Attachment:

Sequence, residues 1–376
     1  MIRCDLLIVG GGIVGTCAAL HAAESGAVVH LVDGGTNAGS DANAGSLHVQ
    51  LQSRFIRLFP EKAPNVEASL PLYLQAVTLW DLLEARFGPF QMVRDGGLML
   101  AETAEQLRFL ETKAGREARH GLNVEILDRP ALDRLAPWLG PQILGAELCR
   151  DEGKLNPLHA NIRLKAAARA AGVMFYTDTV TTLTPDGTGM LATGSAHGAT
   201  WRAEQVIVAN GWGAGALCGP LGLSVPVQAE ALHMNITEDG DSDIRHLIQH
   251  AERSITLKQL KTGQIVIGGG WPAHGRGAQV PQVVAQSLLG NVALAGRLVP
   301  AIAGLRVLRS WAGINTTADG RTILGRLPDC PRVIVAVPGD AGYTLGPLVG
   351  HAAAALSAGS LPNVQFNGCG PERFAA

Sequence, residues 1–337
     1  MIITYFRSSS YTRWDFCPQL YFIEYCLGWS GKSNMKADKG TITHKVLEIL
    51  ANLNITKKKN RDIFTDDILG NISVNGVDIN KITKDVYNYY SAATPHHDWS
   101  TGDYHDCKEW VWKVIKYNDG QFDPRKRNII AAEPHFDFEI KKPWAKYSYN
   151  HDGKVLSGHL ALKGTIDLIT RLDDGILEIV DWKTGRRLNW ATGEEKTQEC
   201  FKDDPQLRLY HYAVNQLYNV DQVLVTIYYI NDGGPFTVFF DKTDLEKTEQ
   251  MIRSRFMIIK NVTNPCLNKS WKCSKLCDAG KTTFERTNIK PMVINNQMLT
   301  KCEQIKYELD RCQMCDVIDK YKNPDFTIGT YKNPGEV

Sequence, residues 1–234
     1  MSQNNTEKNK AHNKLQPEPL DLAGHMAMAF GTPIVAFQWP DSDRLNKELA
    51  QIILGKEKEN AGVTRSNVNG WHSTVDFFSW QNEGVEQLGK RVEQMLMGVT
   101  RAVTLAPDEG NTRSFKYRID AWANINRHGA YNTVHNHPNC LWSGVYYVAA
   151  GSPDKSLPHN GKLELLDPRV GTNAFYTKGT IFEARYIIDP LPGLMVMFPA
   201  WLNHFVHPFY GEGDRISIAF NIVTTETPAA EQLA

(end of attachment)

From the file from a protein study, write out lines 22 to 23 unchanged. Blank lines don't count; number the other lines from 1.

   151  GSPDKSLPHN GKLELLDPRV GTNAFYTKGT IFEARYIIDP LPGLMVMFPA
   201  WLNHFVHPFY GEGDRISIAF NIVTTETPAA EQLA